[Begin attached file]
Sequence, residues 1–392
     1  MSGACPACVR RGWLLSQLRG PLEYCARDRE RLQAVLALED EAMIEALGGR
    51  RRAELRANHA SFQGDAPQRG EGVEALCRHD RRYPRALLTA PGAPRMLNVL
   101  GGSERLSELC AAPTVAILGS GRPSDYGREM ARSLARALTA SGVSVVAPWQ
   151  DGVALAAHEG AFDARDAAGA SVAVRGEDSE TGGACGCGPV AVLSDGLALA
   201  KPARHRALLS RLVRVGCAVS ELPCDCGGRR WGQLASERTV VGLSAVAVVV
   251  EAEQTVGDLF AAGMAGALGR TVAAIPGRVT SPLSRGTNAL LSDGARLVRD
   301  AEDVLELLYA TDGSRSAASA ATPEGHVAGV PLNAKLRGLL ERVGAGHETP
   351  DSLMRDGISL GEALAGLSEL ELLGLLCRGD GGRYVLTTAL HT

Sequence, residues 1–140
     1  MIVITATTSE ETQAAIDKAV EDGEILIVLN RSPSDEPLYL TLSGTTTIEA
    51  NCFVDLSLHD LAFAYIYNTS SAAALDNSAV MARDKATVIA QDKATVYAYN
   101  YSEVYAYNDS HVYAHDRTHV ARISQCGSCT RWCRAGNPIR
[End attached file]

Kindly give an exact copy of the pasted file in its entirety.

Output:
Sequence, residues 1–392
     1  MSGACPACVR RGWLLSQLRG PLEYCARDRE RLQAVLALED EAMIEALGGR
    51  RRAELRANHA SFQGDAPQRG EGVEALCRHD RRYPRALLTA PGAPRMLNVL
   101  GGSERLSELC AAPTVAILGS GRPSDYGREM ARSLARALTA SGVSVVAPWQ
   151  DGVALAAHEG AFDARDAAGA SVAVRGEDSE TGGACGCGPV AVLSDGLALA
   201  KPARHRALLS RLVRVGCAVS ELPCDCGGRR WGQLASERTV VGLSAVAVVV
   251  EAEQTVGDLF AAGMAGALGR TVAAIPGRVT SPLSRGTNAL LSDGARLVRD
   301  AEDVLELLYA TDGSRSAASA ATPEGHVAGV PLNAKLRGLL ERVGAGHETP
   351  DSLMRDGISL GEALAGLSEL ELLGLLCRGD GGRYVLTTAL HT

Sequence, residues 1–140
     1  MIVITATTSE ETQAAIDKAV EDGEILIVLN RSPSDEPLYL TLSGTTTIEA
    51  NCFVDLSLHD LAFAYIYNTS SAAALDNSAV MARDKATVIA QDKATVYAYN
   101  YSEVYAYNDS HVYAHDRTHV ARISQCGSCT RWCRAGNPIR